In the same way God’s saving plan, his act of creation through Jesus Christ, began as an ordinary event in a small backwater town in Palestine. A lowly, humble, seemingly unwelcome place was the birth place of God’s Chosen One. And Mary - an unassuming woman, in faith became the divine portal for the outworking of God’s redeeming light. You see the Incarnation was never intended to impose salvation on God’s people. In the beginning was meekness, humility, humbleness and vulnerability not triumphalism or conquest. Jesus throughout his ministry narrates salvation into being through leisurely conversation, intimate personal relationships, compassionate responses, and passionate prayer. Never imposing his divinity over the freewill of God’s people. Just simply coming into our neighbourhood to be flesh and blood, to be one of us. But do we notice his arrival?
I wonder how many people passed by that modest dwelling place in Bethlehem without noticing, I wonder how many people the shepherds spoke to on their way to see the babe – and if they had spoken to others – I wonder how many believed what they said, I wonder how many carried on without taking notice of that new beginning.
I wonder whether the magi shared the purpose of their pilgrimage to others – and again I wonder what the reaction would have been.
What is our reaction on this Christmas morn? Will we pass by this day, this new beginning without noticing the profound difference it could make in our lives?
And what will be our reaction to those other small beginnings in our lives, the ones that can go so easily unnoticed, but where God is possibly working out his plan for us. Because what the Incarnation teaches us is that God actually wants us to miss the train once in a while; he wants us to get on the wrong bus. He wants us to step outside of our normal routine just for a moment so we can take notice of what’s going on. He is asking us to stop and seek out Christ among us, to hear his call like the shepherds did, to look for the signs like the magi did, to step out in faith and trust God like Mary and Joseph did. To praise the babe in our midst as the angels did.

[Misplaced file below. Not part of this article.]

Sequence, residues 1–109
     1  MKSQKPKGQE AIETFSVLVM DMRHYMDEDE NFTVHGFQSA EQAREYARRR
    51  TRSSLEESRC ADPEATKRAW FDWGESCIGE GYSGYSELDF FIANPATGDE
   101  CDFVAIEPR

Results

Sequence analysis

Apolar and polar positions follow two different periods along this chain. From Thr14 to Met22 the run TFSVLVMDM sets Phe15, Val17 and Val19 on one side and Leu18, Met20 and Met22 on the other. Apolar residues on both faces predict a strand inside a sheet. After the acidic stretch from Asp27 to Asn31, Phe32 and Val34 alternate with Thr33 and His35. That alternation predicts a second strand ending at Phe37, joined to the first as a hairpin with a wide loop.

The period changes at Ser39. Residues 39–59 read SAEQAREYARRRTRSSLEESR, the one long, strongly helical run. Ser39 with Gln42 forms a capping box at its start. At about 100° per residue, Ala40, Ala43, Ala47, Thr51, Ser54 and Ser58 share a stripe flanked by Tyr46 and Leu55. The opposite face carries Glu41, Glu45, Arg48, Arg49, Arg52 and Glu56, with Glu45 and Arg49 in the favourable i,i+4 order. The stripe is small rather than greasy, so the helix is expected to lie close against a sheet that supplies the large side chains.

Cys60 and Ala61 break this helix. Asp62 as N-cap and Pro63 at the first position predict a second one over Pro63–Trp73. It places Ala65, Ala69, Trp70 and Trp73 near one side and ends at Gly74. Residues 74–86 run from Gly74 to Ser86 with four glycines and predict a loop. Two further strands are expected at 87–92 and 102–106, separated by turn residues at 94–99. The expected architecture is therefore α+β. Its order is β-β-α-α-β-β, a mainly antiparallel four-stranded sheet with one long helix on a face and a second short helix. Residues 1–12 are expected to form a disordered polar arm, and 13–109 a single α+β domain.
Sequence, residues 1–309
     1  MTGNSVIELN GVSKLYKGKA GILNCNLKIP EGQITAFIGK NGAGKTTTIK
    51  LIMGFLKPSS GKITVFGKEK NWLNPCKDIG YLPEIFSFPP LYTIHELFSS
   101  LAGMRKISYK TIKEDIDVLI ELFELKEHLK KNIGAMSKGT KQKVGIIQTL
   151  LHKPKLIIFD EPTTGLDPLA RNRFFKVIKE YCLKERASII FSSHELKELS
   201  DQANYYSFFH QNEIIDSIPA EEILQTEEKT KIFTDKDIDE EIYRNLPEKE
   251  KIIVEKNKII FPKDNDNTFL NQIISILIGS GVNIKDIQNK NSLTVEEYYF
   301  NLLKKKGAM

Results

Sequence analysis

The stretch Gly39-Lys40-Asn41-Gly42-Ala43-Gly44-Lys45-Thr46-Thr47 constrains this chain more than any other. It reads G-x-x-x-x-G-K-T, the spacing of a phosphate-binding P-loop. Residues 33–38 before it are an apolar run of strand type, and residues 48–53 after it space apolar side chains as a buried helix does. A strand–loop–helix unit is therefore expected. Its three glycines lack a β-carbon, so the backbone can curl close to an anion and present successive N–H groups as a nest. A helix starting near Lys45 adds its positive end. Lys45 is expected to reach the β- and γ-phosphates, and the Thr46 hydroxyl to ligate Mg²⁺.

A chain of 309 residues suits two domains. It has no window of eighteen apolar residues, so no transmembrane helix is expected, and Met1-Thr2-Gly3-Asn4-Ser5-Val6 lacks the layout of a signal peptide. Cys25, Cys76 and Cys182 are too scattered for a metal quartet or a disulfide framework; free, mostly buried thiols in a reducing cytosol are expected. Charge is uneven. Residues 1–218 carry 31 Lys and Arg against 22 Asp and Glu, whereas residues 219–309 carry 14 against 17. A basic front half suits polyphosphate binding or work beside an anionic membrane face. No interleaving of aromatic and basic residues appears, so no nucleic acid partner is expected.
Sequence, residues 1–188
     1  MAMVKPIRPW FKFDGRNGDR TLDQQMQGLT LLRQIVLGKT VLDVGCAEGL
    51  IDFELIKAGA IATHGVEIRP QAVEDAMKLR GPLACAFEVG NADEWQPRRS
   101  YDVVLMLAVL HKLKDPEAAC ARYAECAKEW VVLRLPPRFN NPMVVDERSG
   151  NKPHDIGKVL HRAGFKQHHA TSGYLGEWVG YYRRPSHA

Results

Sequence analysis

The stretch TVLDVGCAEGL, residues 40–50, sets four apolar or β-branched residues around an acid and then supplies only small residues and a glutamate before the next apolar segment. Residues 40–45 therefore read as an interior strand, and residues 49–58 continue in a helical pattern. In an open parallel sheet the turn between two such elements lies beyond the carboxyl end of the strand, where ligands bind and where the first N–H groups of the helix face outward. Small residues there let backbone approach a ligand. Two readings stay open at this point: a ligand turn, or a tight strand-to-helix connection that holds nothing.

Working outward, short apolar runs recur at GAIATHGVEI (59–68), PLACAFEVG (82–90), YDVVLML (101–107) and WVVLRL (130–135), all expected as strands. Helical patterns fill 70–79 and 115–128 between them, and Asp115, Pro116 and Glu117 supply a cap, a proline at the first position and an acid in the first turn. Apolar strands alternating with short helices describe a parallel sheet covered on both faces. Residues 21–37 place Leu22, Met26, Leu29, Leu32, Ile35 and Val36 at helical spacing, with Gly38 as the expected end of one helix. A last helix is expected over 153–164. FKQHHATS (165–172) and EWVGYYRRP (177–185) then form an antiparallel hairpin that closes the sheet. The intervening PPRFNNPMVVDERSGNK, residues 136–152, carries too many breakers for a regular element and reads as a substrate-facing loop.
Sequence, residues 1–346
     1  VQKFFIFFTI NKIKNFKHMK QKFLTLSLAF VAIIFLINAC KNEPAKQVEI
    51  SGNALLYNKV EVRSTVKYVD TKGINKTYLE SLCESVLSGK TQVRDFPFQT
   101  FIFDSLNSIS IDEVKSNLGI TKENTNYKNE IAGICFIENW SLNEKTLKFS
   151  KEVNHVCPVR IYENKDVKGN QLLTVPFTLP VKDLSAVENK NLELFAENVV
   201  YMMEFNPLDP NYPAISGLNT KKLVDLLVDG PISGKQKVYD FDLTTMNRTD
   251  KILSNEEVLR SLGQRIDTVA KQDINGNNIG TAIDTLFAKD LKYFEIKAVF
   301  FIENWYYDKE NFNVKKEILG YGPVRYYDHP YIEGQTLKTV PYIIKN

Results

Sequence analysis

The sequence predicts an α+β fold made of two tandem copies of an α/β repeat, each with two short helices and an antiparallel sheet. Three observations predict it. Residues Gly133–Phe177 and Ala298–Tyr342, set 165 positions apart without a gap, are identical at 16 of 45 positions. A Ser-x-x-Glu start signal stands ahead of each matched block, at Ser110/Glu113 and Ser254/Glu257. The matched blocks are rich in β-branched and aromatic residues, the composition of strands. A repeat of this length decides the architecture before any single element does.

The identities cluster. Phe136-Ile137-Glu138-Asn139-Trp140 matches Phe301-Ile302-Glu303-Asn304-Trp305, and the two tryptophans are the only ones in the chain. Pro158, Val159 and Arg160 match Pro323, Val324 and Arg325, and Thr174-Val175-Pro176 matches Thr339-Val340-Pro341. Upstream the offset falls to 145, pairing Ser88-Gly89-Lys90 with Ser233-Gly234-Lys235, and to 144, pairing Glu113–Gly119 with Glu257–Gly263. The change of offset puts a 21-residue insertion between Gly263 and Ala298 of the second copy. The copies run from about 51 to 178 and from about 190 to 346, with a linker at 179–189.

May the Incarnation mark for us the beginning of beginnings, the ending of endings, may the Alpha and the Omega, the word made flesh enter our lives – and may we respond, may we welcome the babe and allow Jesus to make a difference in our lives - not just today but in every new beginning to come.
In the beginning was the word, and the word was with God and the word was God, and the word became flesh and blood. Amen.
Pastoral Statement to the Parish Church of All Saints Highertown and Baldhu in all services from the Priest in Charge, Revd Jeremy Putnam to be read out on Sunday 15th December 2019.
Today, as we worship Almighty God in prayer and praise, as we gather around Our Lord and Saviour found in word and sacrament, as we pray for the salvation of the nations and as we prepare to receive Jesus Christ in Holy Communion we must remember that we are called to pray for the High Court of Parliament.
A majority have spoken and a government has been democratically elected.
Every one of us has been enabled to express our democratic right and enact our communal responsibility this week. Whatever anyone’s party political affiliation, it has been my prayer that we will have approached voting with good intention, careful thought and with honour.
Honour is a much- needed value within our society. As is truth.